By: B Shantanu
February 24, 2007
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Swastika, Nazis and sacred symbols
Origin of Hindu Swastika
controversy around Germany’s proposal to seek an EU ban on swastikas (and
later its abandonment: see
here) prompted me to dig up and refresh this article which I wrote for
my newsletter almost two years ago. (Mar ‘05)
Swastika and its Religious Significance:
As some of
you may be aware, there has been a
great deal of controversy in the UK regarding the wearing of an
armband by Prince Harry that had a “swastika” badge on it.
This created a predictable uproar in the local media with many people
being reminded of the grim horrors of the Holocaust (the Prince was
wearing a replica Nazi uniform).
Along with the reaction, there were calls for the symbol to be banned (on
the grounds of being racially offensive).
Thankfully, the Hindu Forum of Great Britain got into the act (see, “HFB
launches national campaign to reclaim swastika”) and decided to start
a campaign to create awareness amongst the general public about how an
ancient Hindu symbol had been misappropriated by the Nazis.
As I watched this controversy unfold, I realised that I was myself not
fully aware of the significance of “swastika” and how it had come to be
associated with the Nazis.
Below is a
summary from my research on the subject.
“swastika” originates in Sanskrit. It is composed of “su”, meaning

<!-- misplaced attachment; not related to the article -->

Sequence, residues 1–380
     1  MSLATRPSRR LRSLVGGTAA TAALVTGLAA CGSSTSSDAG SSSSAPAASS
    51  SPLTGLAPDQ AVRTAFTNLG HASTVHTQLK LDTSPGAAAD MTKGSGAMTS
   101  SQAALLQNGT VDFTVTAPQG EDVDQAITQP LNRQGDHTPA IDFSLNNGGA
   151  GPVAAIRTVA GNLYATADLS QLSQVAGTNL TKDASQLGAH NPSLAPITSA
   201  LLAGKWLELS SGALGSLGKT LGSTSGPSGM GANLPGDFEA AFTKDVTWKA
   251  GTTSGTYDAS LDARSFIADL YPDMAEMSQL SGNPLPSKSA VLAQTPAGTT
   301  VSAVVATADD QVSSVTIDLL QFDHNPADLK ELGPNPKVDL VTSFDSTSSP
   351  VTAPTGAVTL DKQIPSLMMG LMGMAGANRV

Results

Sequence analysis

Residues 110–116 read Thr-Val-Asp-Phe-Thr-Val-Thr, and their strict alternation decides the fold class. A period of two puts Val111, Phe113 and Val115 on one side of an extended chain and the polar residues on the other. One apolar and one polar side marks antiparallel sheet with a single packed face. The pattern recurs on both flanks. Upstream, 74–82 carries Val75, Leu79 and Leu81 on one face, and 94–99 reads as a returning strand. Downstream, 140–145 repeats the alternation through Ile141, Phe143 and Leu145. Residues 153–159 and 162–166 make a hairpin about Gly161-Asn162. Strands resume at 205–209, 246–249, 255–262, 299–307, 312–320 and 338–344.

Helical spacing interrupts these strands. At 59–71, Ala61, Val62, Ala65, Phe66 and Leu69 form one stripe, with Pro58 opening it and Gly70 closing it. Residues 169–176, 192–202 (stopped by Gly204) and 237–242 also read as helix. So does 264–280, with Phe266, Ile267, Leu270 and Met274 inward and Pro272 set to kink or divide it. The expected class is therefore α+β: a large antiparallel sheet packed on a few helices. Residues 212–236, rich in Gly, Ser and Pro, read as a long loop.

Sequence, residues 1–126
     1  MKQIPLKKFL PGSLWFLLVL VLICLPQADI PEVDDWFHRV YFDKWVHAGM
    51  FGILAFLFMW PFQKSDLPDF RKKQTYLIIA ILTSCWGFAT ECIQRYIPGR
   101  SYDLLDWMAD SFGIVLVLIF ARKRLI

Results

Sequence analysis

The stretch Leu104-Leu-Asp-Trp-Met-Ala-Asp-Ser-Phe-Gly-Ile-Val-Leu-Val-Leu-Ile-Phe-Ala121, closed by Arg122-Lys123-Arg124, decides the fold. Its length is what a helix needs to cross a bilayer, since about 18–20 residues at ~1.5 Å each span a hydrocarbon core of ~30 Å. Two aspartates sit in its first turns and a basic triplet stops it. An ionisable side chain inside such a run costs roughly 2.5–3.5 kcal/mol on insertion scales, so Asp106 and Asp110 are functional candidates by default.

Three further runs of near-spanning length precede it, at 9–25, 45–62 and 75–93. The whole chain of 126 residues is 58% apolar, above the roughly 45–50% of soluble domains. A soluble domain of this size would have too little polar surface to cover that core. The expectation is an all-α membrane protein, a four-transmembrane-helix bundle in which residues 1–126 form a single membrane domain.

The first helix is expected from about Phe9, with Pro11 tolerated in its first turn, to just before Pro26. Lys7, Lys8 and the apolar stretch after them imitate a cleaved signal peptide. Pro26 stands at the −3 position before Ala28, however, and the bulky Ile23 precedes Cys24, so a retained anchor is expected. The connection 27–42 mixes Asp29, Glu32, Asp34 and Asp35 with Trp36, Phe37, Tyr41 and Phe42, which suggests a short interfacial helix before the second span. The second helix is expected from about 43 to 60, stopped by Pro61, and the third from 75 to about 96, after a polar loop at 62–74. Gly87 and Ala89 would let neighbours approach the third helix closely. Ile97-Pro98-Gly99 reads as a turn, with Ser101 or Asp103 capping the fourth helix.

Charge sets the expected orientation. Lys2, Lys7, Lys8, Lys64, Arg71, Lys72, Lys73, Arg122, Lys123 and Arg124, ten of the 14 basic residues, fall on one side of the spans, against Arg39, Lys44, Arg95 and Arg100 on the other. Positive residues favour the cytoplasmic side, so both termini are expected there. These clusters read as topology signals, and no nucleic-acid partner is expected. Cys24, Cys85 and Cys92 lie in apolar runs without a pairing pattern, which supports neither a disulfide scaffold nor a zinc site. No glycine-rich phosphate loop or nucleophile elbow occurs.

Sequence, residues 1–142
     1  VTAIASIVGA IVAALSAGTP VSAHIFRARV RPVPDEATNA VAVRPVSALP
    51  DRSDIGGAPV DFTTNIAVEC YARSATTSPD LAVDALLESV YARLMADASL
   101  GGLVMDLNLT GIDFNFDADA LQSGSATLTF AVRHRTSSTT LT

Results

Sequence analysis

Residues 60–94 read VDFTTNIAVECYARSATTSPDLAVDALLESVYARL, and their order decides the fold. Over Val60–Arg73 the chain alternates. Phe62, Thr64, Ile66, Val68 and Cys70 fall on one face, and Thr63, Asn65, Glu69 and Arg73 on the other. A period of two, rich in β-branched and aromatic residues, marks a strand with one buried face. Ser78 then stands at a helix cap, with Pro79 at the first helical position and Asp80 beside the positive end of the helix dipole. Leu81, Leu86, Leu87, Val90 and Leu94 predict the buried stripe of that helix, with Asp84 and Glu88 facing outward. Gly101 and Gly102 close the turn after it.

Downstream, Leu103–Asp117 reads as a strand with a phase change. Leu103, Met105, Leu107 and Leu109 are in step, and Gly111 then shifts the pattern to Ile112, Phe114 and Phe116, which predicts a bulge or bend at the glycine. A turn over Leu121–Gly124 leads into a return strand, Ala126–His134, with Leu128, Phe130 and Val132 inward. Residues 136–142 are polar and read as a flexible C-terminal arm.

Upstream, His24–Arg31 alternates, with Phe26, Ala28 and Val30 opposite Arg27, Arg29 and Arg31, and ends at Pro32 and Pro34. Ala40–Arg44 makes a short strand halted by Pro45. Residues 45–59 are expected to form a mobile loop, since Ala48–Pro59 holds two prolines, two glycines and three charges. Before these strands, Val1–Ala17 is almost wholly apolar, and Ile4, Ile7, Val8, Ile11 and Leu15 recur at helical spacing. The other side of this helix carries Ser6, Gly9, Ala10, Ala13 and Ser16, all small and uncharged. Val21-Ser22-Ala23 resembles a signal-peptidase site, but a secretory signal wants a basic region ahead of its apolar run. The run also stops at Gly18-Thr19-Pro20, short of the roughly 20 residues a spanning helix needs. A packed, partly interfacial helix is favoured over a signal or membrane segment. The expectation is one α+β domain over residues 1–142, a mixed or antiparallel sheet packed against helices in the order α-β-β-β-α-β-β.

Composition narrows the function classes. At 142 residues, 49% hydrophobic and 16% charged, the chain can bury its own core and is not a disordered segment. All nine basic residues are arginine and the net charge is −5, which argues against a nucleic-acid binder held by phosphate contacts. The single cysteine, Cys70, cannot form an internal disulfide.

good/well and “asti” meaning “to be”; svasti thus means “well-being”;
“-ka” forms a diminutive, and svastika/swastika might thus be translated
literally as “little thing associated with well-being”. In ancient
Indo-European cultures, it was put on objects to symbolise good luck. In
geometric terms, the swastika is an irregular icosagon or a 20-sided
right-handed clockwise swastika is considered an auspicious symbol of the
sun or of Lord Vishnu, the sustaining aspect of God (in the Trinity of
Brahma, Vishnu and Maheshwar). It also represents the world-wheel around a
fixed and unchanging centre, God. I am not sure about the first appearance
of the word or the symbol in ancient Indian texts but it has been in use
As a symbol, it has been used for several millennia – not
just in India but also in other ancient civilisations (e.g. it has been
found in the ruins of the city of Troy). Other than Hinduism, it has also
been used in Buddhism, Jainism, and other cultures including in the Native
American cultures (one of my friends even found the symbol on an art piece
in a museum in Turkey).
times, the swastika was used freely by Sumerians, Hittites, Celts and
Greeks, among others. Even the pre-Christian Anglo-Saxon ship burial at
Sutton Hoo, England, contains gold cups and shields bearing swastikas. The
swastika has also appeared in South and Central America, and has been
widely used in Mayan art during that time period.
Hinduism and Jainism, the swastika is used to mark the opening pages or
their account books, thresholds, doors, and offerings.
major difference between the Nazi swastika and the ancient symbol of many
different cultures, is that the Nazi swastika is at a slant, while the
ancient swastika is rested flat.
Here is a
fascinating titbit from a
BBC article on the subject:
British author Rudyard Kipling, who was strongly influenced by Indian
culture, had a swastika on the dust jackets of all his books until the
rise of Nazism made this inappropriate. It was also a symbol used by the
scouts in Britain, although it was taken off Robert Baden-Powell’s 1922
Medal of Merit after complaints in the 1930s.
Finnish Air Force also used it as its official symbol in World War II, and
it still appears on medals, but it had no connection with the Nazi use.It
is rarely seen on its own in Western architecture, but a design of
interlocking swastikas is part of the design of the floor of the cathedral
of Amiens, France.”
Association with Nazism and anti-Semitism